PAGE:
Long before the modern lighthouse made its appearance, the use of ranges as aids to navigation had a long history in Charlottetown Harbour. A range is simply a line defined by two points and early sailors learned to find safe passages and avoid hazards by lining up points on the shore. Both natural and man-made features could be and were used. Church steeples, flagpoles and prominent barns and houses provided reference points, as did prominent cliffs, rocks and trees. For example, ensuring that one kept to the east of a line formed by lining up Dockendorff’s barn on York Point with the headland below Fort Amherst meant that you were safely clear of Trout Rock, a shallow reef off Holland Cove. Before charts were prepared captains exchanged information about these ranges to help one another and the information was later formalized in published sailing instructions. At a time when navigation buoys often drifted off location ranges were a safer method of knowing where you were.
When the first detailed charts of Charlottetown Harbour were prepared by George Wright in 1839 and Captain Bayfield in 1843 information concerning ranges was an important part of the information included on the charts. The ranges established then are not exactly in the same location as the current ranges marked by the present range lights in Charlottetown harbour but they performed an identical function.
Take the 1846 Bayfield chart for instance: Running into the harbour from Hillsborough Bay one was instructed to line up two white houses on May Point (now Lewis Point) with the edge of the bluff at Brighton. That course kept you safely in the channel through the harbour entrance. When you were able to line up a red beacon on the shore near the southern end of West Street with the spire of the Presbyterian Church you should turn to follow that line until, looking behind you could see a white beacon on the shore of Canceau Point line up with Mckinnon’s House just west of Warren Cove. That would bring you to safe anchorage off the town. A later edition of the chart suggests that lining up the flagpole of Government House with St. Dunstan’s College would be a better line, the red beacon on West Street apparently being no longer in place.
Some Charts included small sketches of what to look for as you approached the harbour. The detail below from the 1843 Chart shows the location of Dockendorff’s barn lined up with Canceau Point as seen from the harbour mouth.
The modern siting of the ranges and the erection of dedicated range lights began in 1889 when two structures housing lights were built in Brighton. Known as Brighton Beach Front Range (at the west end of York Lane) and Brighton Beach Rear Range slightly further north on what had been the grounds of the Asylum the initial structures were simply masts with a lantern. These rudimentary aids to navigation were soon replaced by skeleton towers and later by more familiar lighthouse towers. The rear tower was burned in a fire in June 1933 suspected of having started in some defect in the light apparatus. Firemen were unable to save the building from the flames that also threatened nearby cottages owing to a lack of water at the site. A temporary tower (shown in a 1950s photo) marking the rear range was erected and survived until 1968 when the current concrete tower, an “apple core” design, was built. Over the years the front tower has been slightly re-located at least twice to deal with coastal erosion and has recently undergone renovations which recognize its heritage character. Since the lamps were first installed the quality of the lights installed in to towers has been steadily improved and the Brighton Range lights can now be seen well out in Hillsborough Bay although the development of the area has meant that there are now a great many competing lights along the shores of the harbour.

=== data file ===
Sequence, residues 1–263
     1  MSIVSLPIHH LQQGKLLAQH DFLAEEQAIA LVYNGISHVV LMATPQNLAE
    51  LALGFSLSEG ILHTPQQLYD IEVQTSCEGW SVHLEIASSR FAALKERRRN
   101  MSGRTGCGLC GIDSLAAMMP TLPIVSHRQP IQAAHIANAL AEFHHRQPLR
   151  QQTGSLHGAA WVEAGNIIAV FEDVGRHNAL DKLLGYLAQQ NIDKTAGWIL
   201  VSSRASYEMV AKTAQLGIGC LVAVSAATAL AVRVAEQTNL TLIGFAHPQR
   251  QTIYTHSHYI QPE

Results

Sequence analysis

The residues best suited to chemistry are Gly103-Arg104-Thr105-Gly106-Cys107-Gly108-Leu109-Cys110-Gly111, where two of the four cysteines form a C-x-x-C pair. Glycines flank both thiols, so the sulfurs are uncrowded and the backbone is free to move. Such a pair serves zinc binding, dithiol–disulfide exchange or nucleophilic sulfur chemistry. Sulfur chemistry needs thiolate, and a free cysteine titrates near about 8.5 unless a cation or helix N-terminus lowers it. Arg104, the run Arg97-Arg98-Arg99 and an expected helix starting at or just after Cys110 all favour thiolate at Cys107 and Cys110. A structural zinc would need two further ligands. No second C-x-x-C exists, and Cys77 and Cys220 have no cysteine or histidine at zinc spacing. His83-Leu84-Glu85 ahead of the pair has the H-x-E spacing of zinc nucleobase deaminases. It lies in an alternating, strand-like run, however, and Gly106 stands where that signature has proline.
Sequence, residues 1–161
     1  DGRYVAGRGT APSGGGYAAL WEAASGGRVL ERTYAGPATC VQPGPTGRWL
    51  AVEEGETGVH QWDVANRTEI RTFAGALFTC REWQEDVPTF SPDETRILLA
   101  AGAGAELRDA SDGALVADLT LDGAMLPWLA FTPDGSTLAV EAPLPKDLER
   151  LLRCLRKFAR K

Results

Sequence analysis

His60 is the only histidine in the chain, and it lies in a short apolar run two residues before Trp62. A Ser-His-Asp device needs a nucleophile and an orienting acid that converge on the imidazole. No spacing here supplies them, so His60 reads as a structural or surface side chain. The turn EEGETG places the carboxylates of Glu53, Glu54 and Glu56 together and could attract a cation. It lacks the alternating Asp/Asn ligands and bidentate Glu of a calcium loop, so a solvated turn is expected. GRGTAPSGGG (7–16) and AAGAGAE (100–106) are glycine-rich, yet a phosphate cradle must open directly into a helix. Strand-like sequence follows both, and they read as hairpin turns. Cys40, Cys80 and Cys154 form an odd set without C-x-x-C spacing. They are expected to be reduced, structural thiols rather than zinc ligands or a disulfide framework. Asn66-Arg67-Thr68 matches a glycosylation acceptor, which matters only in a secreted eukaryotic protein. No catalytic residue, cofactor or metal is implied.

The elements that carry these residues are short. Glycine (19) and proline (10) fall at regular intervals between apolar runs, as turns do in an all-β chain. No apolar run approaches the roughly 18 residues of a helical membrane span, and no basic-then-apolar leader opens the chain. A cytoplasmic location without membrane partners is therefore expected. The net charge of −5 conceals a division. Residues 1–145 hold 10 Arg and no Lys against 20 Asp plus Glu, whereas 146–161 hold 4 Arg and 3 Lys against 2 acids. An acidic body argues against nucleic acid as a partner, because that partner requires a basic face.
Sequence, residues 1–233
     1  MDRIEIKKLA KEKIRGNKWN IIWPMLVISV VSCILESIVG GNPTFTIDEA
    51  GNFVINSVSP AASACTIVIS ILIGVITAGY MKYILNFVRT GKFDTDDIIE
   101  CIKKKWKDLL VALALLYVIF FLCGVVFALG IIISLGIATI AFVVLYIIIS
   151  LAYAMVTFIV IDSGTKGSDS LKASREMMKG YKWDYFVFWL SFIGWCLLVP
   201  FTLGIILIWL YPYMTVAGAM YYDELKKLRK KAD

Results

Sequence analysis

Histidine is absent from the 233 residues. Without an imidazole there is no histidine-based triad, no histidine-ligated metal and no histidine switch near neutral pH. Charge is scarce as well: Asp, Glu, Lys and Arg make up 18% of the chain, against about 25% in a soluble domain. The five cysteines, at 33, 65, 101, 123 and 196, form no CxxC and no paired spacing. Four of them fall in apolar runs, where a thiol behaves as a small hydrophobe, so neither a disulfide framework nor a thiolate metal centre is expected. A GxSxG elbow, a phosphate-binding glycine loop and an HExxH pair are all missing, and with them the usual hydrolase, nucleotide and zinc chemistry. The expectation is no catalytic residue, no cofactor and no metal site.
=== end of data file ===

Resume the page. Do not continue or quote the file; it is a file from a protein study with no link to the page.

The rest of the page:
Meanwhile, across the harbour the range at Mackinnon’s Hut was relocated from Canceaux Point to Warren Cove in 1907 with two identical buildings constructed. Using the new locations meant that only two ranges were required rather than several when only natural features or privately owned structures established the lines of safe passage. The new miniature lighthouse structures were quickly adopted as another attraction for cross-harbour excursions. Although when built the small buildings were located in open fields and were visible from several vantage points the growth of trees has meant that they are not easily seen unless one is directly on the line of the two lights in the towers. (Click on any image for larger display)
A century after being put in place many of the range structures are in danger of being replaced by steel towers or eliminated completely. While GPS equipment and electronic navigation have made the task easier there are few better ways to ensure a safe passage into a port than riding the ranges.